Is a will synonymous with an estate plan? Simple answer is No, according to Beck & Lenox Estate Planning & Elder Law, LLC.
Estate planning and writing a will are entirely different terms.
An estate plan is a broader plan of action for your assets that may apply during your life, as well as after your death. A will is part of an estate plan.
Yahoo Finance’s recent article entitled “Estate Planning vs. Will: What’s the Difference?” explains that a will is a legal document that states the way in which you’d like your assets to be distributed after you die.
A will can also detail your wishes about how your minor children will be cared after your death, and it names an executor who’s in charge of carrying out the actions in your will. Without a will, the state’s probate laws determine how your property is divided.
Estate planning is a lot broader and more complex than writing a will. A will is a single tool. An estate plan involves multiple tools, such as powers of attorney, advance directives and trusts. There are a variety of trusts to serve different purposes.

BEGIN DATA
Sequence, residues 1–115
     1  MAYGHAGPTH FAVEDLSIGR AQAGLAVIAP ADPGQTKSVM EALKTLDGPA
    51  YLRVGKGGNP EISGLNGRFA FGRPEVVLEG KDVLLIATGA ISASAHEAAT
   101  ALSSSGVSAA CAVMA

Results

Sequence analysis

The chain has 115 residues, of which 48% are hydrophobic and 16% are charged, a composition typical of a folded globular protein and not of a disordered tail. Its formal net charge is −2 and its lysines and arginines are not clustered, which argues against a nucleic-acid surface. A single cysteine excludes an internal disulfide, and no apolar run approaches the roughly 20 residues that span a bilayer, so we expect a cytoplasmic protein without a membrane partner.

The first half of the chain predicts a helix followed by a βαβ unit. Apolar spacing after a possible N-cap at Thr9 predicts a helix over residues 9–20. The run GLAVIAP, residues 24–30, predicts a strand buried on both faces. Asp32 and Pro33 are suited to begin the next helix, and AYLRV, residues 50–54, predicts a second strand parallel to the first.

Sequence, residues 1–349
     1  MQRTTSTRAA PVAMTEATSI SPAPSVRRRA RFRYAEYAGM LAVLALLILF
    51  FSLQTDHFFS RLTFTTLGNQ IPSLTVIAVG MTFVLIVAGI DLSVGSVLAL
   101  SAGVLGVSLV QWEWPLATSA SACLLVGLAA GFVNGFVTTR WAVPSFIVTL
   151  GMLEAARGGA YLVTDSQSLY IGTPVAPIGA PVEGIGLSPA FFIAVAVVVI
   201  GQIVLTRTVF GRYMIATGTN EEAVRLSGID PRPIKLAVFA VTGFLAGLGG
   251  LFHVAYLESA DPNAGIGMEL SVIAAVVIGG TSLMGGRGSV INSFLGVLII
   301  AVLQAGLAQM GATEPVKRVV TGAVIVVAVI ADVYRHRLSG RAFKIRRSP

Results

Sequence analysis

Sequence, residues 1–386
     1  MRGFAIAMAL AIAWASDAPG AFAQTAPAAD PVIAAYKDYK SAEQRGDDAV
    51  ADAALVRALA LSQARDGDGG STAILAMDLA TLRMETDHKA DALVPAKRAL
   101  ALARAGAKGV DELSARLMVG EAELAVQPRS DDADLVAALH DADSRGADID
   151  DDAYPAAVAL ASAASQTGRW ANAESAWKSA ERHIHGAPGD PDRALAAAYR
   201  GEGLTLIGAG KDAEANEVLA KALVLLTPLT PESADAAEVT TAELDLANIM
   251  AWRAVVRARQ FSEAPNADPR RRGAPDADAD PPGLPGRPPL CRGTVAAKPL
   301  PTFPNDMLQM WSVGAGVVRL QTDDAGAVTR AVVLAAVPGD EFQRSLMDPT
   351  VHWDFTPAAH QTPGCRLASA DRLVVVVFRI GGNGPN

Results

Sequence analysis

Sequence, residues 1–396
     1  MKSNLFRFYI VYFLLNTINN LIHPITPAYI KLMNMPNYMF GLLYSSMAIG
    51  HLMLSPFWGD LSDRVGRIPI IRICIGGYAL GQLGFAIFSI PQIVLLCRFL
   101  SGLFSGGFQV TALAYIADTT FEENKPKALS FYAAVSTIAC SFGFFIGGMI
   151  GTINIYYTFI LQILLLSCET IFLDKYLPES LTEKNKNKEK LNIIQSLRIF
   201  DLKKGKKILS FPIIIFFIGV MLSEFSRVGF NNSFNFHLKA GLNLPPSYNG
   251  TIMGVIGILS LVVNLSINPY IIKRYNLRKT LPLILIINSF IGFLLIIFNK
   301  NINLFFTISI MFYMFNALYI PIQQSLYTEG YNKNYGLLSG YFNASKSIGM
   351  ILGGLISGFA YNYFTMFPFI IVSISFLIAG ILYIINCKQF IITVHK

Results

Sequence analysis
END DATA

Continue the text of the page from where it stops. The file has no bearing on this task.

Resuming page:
Again, a will is a legal document, and an estate plan is a collection of legal documents. An estate plan can also handle other estate planning matters that can’t be addressed in a will.
A will is a good place to start, but you’ll want to create an estate plan to ensure that your family is fully covered in the event of your death.
A will is not synonymous with an estate plan. While having a will is important, it’s only the first step when it comes to creating that plan. According to Beck & Lenox, the two most important legal documents that the attorneys handle in the office for estate planning purposes are the Durable Power of Attorney for Healthcare and Durable Power of Attorney for Finances.
To leave your heirs and loved ones in the best position after your death, you should talk to an experienced estate planning attorney about creating a comprehensive estate plan, so your assets can end up where you want them.
Reference: Yahoo Finance (Aug. 10, 2021) “Estate Planning vs. Will: What’s the Difference?”